The Problem is More Than Deep in Dongnan Chen’s Documentary, Singing in the Wilderness

6 May

Singing in the WildernessPlaying at the LAAPFF 2022 at the Directors Guild of America on May 6, 2022 5:00 pm (buy tickets)

Dongnan Chen‘s Singing in the Wilderness (旷野歌声) is a very sombre look at lives of those still living at Little Well Village in Yunnan Province, China. The Miao Christian Choir found fame when they appeared on national television back around 2003, and this documentary looks at what’s come from it, for better or worse. I see their struggle for self worth and question if embracing a different religion is good for their soul, especially when there’s still individuals still struggling.

Sometime in the past during the Western colonisation of China, Christian Missionaries travelled deep into the countryside to help anyone in need. They found the Miao, a different ethnic group, and helped them overcome their anxieties concerning how the Han people (Chinese majority) treated them. Not everyone will agree that those early ministers had these folks’ best interests in heart–to unite them together in a parish to sing about their grief.

They have wonderful voices and they often kept to themselves in their own worlds and not all of them left to live a good life in the big city. The difference between what they sing for themselves and for the world is as clear as them saying, “I don’t know what these English words mean.”

Their debut had them singing a song by ABBA, and this look will get many wondering if what’s happening to these people is for the better. The council has to hire outsiders to do the work of giving them a ‘social media presence.’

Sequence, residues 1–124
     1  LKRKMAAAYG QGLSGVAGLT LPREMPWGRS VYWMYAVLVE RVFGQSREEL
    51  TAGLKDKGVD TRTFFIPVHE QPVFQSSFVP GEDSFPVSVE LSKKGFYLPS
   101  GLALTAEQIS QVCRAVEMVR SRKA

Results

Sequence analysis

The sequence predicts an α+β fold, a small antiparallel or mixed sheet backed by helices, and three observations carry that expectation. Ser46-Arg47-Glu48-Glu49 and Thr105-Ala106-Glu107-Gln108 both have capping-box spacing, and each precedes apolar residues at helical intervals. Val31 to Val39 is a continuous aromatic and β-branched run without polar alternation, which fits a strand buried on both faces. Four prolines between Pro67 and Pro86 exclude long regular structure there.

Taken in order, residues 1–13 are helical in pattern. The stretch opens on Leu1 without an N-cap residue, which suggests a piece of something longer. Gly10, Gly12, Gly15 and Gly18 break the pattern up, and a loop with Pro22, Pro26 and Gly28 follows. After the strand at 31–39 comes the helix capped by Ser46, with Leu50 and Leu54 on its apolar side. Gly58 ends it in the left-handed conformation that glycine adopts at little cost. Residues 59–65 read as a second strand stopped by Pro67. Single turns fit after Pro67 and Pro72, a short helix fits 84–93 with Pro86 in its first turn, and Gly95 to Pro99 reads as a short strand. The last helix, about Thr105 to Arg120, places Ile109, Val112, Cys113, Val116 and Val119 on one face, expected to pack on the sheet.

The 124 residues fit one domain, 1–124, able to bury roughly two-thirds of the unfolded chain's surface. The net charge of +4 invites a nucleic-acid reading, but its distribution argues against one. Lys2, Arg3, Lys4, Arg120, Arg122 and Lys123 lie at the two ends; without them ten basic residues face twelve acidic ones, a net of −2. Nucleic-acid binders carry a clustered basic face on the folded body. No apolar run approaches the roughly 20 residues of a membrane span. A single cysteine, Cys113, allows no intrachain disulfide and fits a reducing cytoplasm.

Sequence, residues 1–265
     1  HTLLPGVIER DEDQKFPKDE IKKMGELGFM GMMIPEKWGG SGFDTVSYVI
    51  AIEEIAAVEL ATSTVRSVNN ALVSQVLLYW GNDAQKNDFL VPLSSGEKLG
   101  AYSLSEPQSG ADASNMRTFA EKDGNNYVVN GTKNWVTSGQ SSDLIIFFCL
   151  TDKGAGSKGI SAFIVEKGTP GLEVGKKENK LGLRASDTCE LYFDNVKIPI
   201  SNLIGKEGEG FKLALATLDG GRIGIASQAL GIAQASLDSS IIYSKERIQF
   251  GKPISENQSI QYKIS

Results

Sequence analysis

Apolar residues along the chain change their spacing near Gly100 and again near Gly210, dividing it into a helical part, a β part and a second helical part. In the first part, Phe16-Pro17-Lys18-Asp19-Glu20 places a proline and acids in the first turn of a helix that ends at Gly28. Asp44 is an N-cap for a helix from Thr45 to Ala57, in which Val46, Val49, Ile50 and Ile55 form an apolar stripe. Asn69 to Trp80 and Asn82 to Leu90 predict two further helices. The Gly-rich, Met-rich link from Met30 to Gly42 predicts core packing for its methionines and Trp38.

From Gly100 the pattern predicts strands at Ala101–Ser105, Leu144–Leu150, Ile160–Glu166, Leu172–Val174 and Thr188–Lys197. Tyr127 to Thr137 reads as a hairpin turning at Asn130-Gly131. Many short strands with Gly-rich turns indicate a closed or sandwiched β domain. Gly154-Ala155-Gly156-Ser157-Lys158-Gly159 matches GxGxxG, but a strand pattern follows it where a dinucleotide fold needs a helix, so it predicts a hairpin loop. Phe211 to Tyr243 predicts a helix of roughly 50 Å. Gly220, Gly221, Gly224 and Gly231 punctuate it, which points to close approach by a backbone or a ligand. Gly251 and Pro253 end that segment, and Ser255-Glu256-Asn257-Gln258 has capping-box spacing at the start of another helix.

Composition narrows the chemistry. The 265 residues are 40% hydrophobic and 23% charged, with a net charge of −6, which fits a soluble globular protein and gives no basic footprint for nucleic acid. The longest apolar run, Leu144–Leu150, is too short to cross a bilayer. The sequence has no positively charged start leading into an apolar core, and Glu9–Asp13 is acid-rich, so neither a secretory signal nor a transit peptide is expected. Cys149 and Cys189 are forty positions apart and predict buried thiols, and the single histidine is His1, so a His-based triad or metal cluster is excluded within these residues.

This work focuses on two specific individuals, and they pretty much speak for the rest of their community.

I can’t help but wonder if they’re losing more than just their religion by adopting to Western standards. R.E.M. knows it best. To see The Miao Christian choir is now recognized as part of the whole rather than ostracised within is ironic. The elders are scared about the ghosts that may rise, and I suspect they’re not referring to their ancestors who saw only hope by accepting the offer for a better life as defined by a person that’s not from their culture. 

Singing in the Wilderness doesn’t have anthropologists explaining what’s going on. Instead, Chen is letting the moments he’s captured on film speak for itself. It’s a bold move since it’s the people’s voice that must be heard. The cameras he’s set up look at a very select group like a fly on the wall, observing, and never chastising. It’s up to the viewers to decide if there should be further change….

5 Stars out of 5

Singing in the Wilderness Trailer

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